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FOOD CHEM. NEWS, INC. v. DAVIS

June 28, 1974

FOOD CHEMICAL NEWS, INC., Plaintiff,
v.
Rex D. DAVIS, Director, Bureau of Alcohol, Tobacco and Firearms Department of the Treasury, Washington, D.C., Defendant


Charles R. Richey, District Judge.


The opinion of the court was delivered by: RICHEY

CHARLES R. RICHEY, District Judge.

 The issue before this Court is whether the two separate "informal" meetings with consumer and distilled spirits industry representatives relative to drafting proposed regulations of the Bureau of Alcohol, Tobacco and Firearms of the Treasury Department (hereinafter, "Bureau"), on ingredient labeling of distilled spirits were meetings of "advisory committees" utilized by Defendant Rex Davis, Director of the Bureau, to obtain advice within the meaning of Section 3(2) of the Federal Advisory Committee Act of 1972 (hereinafter, "Act"), 5 U.S.C. App. I, and, therefore, "open to the public". 5 U.S.C. App. I & 10(a)(1). The Court has concluded that the two meetings in question were subject to the Act and, accordingly, the Defendant was required to provide public access to each meeting pursuant to Section 10(a)(1) of the Act and to follow the Act's procedural requirements. The Court will, therefore, grant Plaintiff's Motion for Summary Judgment and enjoin the Defendant and his agents, servants, and employees from convening any future meetings of the advisory committees discussed herein, or meetings of any of their advisory committees, without complying fully with the Act's requirements, and from excluding plaintiff or its agents or employees from any such meetings in contravention of the Act.

  I

 BACKGROUND

 Plaintiff Food Chemical News, a weekly trade journal that reports generally on matters concerning the Government regulation of food products and chemicals, brought the instant action under the Federal Advisory Committee Act of 1972 to compel Defendant Davis to open to the public certain meetings he scheduled separately with consumer and industry groups. In an effort to delay the meetings until the public access issue could be effectively resolved, Plaintiff applied to the Court for a Temporary Restraining Order seeking to enjoin the Defendant from holding the meetings unless Plaintiff would be permitted to send a representative to them. On February 4, 1974, Judge Corcoran of this Court, sitting as motions judge, denied Plaintiff's application, but set down a date for argument on Plaintiff's Motion for a Preliminary Injunction and Defendant's Motion to Dismiss which were heard by this Court on February 13, 1974. In light of the fact that both meetings had already taken place at the time of oral argument before the Court, the parties agreed to stipulate that the case could be disposed of as a matter of law and their respective motions could be treated as cross motions for summary judgment. In addition, the parties reached agreement upon and ultimately filed with the Court a stipulation of material facts which are not in dispute. Such is the present posture of this case. The Court has jurisdiction pursuant to the provisions of 28 U.S.C. § 1361 and 5 U.S.C. §§ 702-704.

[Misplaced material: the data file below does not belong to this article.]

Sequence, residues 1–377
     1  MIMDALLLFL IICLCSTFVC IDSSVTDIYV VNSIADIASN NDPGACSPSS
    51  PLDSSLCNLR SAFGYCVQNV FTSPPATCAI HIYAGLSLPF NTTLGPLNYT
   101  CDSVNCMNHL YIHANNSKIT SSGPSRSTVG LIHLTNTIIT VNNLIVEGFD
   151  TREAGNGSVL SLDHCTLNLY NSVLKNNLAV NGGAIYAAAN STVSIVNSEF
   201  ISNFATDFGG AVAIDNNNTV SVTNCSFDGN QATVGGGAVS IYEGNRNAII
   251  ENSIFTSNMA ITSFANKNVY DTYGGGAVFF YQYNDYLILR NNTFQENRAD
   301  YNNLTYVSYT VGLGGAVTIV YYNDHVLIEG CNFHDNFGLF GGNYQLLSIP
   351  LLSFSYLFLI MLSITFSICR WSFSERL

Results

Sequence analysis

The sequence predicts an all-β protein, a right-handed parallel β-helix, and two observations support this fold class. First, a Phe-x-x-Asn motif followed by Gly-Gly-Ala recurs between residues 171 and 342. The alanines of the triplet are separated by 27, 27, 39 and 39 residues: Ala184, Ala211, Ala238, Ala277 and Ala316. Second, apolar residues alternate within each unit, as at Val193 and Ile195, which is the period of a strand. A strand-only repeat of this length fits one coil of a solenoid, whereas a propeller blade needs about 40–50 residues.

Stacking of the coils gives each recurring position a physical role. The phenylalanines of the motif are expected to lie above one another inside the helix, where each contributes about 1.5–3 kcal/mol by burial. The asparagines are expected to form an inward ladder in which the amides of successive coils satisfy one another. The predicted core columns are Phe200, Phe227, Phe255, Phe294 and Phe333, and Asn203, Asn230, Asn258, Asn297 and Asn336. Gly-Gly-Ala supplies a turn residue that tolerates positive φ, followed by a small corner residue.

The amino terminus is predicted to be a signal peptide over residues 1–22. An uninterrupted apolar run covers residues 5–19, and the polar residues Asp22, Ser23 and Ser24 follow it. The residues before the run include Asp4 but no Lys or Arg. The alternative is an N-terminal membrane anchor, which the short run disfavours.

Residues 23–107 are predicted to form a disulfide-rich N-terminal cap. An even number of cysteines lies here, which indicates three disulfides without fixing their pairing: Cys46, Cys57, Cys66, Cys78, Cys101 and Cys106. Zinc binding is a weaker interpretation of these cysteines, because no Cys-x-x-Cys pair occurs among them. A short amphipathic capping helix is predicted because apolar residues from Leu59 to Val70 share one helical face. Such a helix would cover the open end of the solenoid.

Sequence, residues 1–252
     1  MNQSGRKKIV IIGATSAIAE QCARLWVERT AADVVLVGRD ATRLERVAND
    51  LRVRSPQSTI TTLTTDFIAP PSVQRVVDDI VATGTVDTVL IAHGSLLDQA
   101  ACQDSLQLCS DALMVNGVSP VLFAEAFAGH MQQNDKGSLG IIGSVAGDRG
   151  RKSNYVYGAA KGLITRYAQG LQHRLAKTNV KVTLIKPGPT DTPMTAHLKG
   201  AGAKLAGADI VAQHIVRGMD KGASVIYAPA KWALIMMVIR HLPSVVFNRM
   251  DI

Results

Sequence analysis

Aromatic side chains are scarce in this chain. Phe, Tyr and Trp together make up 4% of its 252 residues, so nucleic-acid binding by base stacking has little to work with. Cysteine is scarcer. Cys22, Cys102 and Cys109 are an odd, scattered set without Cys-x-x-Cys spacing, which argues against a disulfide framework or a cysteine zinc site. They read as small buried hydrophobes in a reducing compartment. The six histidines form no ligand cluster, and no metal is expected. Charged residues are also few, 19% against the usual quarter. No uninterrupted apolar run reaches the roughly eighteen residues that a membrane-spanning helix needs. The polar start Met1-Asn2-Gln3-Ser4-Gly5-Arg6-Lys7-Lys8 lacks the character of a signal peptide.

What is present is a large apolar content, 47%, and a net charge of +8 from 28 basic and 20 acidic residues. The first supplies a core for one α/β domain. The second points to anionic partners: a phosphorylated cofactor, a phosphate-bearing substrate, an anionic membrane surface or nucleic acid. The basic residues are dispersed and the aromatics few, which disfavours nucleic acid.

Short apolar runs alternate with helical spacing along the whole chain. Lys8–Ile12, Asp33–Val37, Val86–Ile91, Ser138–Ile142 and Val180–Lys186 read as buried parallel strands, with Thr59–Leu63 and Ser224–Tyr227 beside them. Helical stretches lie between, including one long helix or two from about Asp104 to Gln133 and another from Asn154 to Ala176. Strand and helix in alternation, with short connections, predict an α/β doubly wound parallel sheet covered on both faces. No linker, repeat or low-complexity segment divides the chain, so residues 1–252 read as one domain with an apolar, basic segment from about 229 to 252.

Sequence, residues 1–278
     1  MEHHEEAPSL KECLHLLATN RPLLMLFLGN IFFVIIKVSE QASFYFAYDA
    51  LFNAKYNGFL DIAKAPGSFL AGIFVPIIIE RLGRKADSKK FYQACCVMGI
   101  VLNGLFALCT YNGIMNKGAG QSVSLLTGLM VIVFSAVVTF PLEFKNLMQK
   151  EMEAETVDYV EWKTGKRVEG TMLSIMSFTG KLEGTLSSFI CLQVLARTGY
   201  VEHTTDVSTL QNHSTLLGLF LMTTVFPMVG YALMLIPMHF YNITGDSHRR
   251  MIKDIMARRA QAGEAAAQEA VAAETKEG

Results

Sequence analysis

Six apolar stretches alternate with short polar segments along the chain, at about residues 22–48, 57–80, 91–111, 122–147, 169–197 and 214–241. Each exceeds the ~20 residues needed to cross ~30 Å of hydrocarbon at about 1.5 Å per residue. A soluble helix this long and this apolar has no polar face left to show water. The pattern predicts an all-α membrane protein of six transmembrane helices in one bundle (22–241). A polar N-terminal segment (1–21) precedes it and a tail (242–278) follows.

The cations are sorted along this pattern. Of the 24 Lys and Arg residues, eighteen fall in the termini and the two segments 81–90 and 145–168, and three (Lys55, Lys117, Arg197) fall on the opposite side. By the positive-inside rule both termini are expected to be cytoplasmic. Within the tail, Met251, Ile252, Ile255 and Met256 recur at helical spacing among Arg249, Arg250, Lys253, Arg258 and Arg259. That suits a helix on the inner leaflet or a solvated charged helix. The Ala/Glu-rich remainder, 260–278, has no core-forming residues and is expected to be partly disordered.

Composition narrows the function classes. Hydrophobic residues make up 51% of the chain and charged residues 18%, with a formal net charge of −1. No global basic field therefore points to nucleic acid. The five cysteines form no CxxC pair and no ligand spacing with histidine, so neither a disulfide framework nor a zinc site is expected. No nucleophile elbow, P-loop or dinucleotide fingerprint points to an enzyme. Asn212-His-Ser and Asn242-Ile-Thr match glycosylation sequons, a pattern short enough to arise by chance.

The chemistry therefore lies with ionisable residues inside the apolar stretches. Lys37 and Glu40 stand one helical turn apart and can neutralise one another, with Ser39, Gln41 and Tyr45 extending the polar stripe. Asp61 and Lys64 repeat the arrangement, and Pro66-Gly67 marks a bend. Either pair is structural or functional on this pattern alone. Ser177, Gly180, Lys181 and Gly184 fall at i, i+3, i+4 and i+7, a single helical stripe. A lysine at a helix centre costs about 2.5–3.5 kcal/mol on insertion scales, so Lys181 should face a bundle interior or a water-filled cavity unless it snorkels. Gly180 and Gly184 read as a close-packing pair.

The undisputed facts indicate that the Bureau is presently considering amendments to 27 C.F.R. Part 5, which covers the labeling and advertising of distilled spirits, and in this regard has prepared a draft of several proposed amendments to the regulations set forth therein. Prior to the commencement of this suit, the Director of the Bureau, Defendant Davis, obtained the preliminary views of representatives of interested industry and consumer committees respecting the proposed amendments and scheduled separate meetings with these groups to discuss the proposals and obtain the group's "comments or suggestions". (See Exhibit A to the Amended Complaint) These meetings were intended to precede any notice of the proposed rulemaking or notice of a public hearing in the Federal Register.

 Plaintiff, by letter of January 24, 1974, advised the Defendant that Plaintiff was entitled to send a representative to both meetings pursuant to Section 10(a)(1) of the Act, which provides in pertinent part:

 
" Each advisory committee meeting shall be open to the public." 5 U.S.C. App. I § 10(a)(1).

 Plaintiff sought access to the meeting in order to report to the public on the discussion and recommendations behind closed doors of these groups as to the Bureau's proposed regulations pertaining to the alleged widespread use of artificial colorings and synthetic chemical preservatives in the preparation of wine, beer and distilled spirits. At present such ingredients and additives are not fully listed on the labels of these products as offered to the consumer. In response, the Defendant denied that the Act indeed applied to the scheduled meetings and explained that the meeting would be closed to the public and, therefore, members of the press such as Plaintiff would be excluded. Plaintiff then brought the instant action and shortly thereafter the Defendant met separately with the two groups in question.

 II

 THE DEFENDANT'S UTILIZATION OF THE INDUSTRY AND CONSUMER COMMITTEES IN ORDER TO OBTAIN ADVICE ON THE DRAFT AMENDMENTS TO AGENCY REGULATIONS SUBJECTS THE COMMITTEES TO THE STRICT PROCEDURAL REQUIREMENTS OF THE ADVISORY COMMITTEE ACT INCLUDING, AMONG OTHER THINGS, THAT MEETINGS BETWEEN THE DEFENDANT AND PRIVATE INDIVIDUALS COMPRISING THE COMMITTEE BE ACCESSIBLE TO THE PUBLIC

 It is the Court's opinion that the industry and consumer committees were "advisory committees" within the meaning of Section 3(2) of the Act which reads in pertinent part:

 
The term "advisory committee" means any committee, board, commission, council, conference, panel, task force, or other similar group, or any subcommittee or any other subgroup thereof (hereinafter in this ...

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